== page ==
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Inmates build secret PCs, commit fraud from jail

Prisoners assembled secret PCs using recycling scheme components, hacked prison network, applied for credit cards

Inmates build secret PCs, commit fraud from jail
Prisoners assembled their own PCs, hid them in a cupboard and then hacked the prison network.

Inmates in an Ohio prison have been caught using two improvised PCs to hack the institution's network and commit numerous offences, including identity theft and credit card fraud.

The two main culprits, named as inmates Adam Johnston and Steven Spriggs, assembled two PCs from components that they had stolen from a PC recycling scheme run at the Marion Correctional Institution.

The PCs were then hidden in the ceiling of a cupboard in a training room.

The prisoners had then been able to access the prison's own network, using password and login details stole by ‘shoulder surfing' an ex-prison training officer, who was now a civilian employee of the recycling scheme.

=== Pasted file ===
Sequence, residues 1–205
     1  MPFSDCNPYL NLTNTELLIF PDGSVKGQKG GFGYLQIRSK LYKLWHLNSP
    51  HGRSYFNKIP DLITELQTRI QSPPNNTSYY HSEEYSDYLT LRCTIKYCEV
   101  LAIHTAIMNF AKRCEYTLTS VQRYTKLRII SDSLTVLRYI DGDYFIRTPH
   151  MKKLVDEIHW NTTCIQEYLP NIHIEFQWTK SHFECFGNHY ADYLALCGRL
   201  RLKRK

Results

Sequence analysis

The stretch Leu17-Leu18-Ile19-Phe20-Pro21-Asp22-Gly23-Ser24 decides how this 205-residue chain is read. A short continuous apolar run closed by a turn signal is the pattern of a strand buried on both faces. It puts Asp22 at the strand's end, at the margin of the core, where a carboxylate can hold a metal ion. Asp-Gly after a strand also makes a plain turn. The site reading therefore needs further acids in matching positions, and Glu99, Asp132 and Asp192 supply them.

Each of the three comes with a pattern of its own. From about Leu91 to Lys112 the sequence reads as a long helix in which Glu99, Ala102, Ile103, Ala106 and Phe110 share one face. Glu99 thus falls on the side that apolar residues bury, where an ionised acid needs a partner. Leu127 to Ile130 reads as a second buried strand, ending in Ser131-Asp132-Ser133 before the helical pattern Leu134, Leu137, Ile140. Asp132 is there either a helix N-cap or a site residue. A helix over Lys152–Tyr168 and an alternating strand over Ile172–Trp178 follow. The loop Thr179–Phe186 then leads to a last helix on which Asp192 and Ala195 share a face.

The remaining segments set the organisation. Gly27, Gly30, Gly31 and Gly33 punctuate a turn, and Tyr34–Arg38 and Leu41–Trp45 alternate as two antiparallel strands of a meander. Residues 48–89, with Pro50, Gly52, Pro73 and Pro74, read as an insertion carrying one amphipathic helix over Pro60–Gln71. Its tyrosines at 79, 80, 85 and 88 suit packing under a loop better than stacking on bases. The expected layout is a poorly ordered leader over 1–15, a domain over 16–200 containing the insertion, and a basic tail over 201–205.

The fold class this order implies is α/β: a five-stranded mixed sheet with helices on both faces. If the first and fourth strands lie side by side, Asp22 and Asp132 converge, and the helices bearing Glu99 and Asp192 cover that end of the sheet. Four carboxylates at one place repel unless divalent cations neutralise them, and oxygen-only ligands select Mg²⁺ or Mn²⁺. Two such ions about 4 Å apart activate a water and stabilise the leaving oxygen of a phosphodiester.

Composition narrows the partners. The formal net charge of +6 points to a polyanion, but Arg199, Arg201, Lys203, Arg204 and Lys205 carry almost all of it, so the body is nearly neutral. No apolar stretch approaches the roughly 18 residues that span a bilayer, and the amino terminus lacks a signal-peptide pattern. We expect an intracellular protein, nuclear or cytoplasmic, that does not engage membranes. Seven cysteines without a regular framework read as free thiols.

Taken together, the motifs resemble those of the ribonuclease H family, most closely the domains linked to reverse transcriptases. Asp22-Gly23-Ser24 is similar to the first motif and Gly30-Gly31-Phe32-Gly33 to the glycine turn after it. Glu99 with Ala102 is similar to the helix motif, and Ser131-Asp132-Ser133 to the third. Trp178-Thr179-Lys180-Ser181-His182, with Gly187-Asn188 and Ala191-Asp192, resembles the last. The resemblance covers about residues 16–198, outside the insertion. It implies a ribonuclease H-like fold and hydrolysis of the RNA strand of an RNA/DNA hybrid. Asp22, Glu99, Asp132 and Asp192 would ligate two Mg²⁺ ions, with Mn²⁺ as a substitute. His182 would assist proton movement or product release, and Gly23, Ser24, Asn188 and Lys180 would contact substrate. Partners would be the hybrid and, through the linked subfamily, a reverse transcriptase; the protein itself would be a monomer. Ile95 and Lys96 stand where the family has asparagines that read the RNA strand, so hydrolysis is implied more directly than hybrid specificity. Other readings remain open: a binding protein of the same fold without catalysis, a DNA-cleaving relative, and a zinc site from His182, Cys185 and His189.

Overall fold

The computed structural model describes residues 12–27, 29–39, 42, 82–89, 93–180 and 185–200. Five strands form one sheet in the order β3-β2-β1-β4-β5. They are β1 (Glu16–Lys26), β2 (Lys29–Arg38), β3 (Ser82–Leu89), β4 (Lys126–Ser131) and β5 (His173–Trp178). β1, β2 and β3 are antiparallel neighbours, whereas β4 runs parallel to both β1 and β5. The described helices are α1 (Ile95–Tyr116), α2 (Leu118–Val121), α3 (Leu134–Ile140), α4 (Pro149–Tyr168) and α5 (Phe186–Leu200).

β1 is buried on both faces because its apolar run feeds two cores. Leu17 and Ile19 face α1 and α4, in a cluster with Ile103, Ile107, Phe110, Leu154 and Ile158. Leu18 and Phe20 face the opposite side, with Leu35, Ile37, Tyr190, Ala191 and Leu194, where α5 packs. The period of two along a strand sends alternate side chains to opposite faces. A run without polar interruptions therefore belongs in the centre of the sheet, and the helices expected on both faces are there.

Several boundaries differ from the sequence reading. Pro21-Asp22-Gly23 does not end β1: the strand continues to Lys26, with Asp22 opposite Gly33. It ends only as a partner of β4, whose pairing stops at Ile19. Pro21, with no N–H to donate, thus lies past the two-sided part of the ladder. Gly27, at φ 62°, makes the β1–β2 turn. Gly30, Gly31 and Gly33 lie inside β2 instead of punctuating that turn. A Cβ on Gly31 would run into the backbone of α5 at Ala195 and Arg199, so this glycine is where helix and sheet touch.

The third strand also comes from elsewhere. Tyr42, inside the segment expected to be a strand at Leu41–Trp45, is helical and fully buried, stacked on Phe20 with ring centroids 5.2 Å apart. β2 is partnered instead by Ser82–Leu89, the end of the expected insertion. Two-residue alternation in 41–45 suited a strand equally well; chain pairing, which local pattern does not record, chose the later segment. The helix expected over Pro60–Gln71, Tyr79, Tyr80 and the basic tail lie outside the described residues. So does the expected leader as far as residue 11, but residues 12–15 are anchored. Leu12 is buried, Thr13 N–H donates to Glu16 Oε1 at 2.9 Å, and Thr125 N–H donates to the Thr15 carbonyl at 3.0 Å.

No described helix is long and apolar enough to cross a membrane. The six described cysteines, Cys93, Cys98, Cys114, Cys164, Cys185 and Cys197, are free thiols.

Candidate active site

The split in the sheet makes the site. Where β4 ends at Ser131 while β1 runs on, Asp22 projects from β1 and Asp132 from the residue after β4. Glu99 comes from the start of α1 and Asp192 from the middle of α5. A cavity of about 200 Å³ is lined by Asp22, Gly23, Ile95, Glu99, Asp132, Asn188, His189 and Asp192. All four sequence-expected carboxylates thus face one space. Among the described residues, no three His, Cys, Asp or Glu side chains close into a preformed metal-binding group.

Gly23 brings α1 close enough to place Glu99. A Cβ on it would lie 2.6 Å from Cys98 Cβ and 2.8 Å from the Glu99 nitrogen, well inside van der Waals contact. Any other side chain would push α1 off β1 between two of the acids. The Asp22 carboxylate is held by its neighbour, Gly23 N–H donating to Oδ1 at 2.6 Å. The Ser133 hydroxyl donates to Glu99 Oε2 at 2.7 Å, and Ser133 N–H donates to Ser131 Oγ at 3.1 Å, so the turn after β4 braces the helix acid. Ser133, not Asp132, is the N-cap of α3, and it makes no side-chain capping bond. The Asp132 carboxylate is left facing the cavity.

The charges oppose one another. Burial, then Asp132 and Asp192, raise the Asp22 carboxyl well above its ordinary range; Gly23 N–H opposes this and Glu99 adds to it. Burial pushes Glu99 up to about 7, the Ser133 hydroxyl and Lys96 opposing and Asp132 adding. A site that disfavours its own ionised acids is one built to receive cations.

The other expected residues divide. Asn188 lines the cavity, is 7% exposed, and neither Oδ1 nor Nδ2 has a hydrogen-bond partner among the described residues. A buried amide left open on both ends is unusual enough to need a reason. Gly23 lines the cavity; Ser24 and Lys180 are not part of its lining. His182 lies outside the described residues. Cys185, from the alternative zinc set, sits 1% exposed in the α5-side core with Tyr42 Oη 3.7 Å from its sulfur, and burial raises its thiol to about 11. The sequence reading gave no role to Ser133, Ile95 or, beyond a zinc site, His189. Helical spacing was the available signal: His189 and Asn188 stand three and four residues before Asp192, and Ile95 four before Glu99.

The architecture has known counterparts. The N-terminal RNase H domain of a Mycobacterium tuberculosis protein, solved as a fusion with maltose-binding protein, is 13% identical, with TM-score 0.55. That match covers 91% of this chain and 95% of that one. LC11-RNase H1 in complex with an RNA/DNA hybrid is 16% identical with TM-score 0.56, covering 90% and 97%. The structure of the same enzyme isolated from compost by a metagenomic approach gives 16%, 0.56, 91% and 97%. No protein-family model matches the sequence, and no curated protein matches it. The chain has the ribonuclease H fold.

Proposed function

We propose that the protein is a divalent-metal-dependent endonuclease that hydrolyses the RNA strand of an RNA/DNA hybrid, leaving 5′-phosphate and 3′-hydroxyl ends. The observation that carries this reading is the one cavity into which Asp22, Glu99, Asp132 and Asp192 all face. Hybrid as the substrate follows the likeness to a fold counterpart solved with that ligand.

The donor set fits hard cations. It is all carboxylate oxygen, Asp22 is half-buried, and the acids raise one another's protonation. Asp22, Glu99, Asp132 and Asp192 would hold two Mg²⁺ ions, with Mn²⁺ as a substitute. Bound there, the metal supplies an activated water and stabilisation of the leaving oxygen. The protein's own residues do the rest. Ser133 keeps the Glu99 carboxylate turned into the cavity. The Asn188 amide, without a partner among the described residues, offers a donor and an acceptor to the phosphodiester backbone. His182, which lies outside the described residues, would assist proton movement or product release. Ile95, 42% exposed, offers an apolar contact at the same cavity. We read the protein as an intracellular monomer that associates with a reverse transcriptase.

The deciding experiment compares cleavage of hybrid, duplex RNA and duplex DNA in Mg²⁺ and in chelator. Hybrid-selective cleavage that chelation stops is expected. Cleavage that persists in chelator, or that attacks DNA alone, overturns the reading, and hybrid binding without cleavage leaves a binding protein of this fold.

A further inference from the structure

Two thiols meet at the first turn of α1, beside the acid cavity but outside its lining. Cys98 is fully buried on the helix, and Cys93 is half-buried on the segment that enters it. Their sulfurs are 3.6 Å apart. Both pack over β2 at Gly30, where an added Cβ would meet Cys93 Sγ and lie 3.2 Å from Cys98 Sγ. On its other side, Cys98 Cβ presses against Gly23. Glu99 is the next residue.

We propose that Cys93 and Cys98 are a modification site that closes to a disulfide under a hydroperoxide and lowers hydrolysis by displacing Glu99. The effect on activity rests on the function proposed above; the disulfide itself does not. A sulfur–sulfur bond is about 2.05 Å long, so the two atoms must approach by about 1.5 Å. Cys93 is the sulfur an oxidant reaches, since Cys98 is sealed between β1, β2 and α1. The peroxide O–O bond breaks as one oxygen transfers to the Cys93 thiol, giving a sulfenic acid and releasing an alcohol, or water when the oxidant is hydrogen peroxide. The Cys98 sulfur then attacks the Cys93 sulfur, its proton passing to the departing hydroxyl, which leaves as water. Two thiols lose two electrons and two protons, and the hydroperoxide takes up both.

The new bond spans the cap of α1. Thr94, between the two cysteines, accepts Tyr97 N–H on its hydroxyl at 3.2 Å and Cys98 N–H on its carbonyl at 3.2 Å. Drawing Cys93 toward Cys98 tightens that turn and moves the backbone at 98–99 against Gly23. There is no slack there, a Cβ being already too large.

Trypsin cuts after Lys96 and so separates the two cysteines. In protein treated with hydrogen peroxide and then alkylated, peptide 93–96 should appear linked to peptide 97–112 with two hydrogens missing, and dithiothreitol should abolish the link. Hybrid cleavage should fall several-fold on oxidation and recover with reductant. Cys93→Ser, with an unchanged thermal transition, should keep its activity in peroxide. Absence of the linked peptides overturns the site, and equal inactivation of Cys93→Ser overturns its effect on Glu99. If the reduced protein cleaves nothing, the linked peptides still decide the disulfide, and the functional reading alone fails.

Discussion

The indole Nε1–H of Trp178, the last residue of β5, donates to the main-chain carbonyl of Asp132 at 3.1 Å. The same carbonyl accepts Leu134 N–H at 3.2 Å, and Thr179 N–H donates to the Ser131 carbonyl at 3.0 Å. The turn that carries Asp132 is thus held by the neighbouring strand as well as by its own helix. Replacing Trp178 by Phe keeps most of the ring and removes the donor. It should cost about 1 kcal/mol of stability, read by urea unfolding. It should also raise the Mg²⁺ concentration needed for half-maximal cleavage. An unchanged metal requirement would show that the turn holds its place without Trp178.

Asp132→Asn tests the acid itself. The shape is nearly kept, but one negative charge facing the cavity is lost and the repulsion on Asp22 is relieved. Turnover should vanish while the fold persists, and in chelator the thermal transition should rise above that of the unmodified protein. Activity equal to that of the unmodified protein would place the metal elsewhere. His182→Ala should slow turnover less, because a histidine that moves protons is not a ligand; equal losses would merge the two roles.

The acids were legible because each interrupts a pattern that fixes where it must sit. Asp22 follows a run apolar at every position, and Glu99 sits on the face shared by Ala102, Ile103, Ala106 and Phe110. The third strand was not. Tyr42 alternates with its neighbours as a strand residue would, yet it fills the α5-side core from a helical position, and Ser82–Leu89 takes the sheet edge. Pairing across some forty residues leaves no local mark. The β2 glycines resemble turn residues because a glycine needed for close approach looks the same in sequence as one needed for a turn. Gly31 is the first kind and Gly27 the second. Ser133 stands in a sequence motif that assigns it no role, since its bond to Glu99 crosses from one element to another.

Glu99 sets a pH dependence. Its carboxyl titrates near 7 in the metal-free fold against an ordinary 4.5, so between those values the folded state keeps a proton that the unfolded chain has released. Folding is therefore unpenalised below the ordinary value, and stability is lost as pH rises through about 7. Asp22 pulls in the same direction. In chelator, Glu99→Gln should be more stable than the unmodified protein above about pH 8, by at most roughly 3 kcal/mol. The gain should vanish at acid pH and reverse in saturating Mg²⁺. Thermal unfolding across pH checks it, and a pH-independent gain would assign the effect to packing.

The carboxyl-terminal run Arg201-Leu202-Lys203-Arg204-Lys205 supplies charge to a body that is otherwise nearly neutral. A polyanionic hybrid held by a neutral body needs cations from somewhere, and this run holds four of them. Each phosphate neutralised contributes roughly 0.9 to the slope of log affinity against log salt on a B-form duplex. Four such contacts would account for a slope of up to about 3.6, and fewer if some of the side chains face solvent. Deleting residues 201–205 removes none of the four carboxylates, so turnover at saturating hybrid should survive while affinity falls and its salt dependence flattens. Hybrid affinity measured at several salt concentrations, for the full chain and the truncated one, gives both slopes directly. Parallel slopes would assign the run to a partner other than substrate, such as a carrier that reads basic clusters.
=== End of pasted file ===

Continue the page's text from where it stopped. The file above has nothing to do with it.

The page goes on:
The illicit PCs were used extensively to access prisoner records and location data, and to issue passes for inmates to be able to enter other parts of the prison.

Adam Johnston also used the PCs to steal another prisoner's personal data from the Ohio Department of Rehabilitation and Correction's (ODRC) network and prisoner admin systems, and used that data to successfully apply for a number of credit cards.

The PCs were found to be loaded with hacking tools including password crackers, VPN tools, proxy software, as well as communications software. The PCs also held bitcoin wallets, stripe accounts, bank accounts, and credit card accounts. Johnston had also been researching tax fraud methods that he could have implemented while still in jail.

In addition, the PCs were also used to download music, TV and movies, and pornographic videos, which another prisoner would sell on to other inmates, transferring files via a thumb drive.

Prison staff found the PC's hidden in a cupboard in a training room, after an investigation prompted by network alerts of unusual traffic and activity on the network. Officers were able to identify the switch where the illicit activity was coming from, and then followed a cable which led to the concealed compartment in the top of the cupboard.

The hack was discovered in August 2015, although details only just released in a report from State of Ohio inspectors. The two prisoners, along with three others implicated in the scheme, were moved to other institutions, although it was not disclosed if they had been subject to any other punishment.

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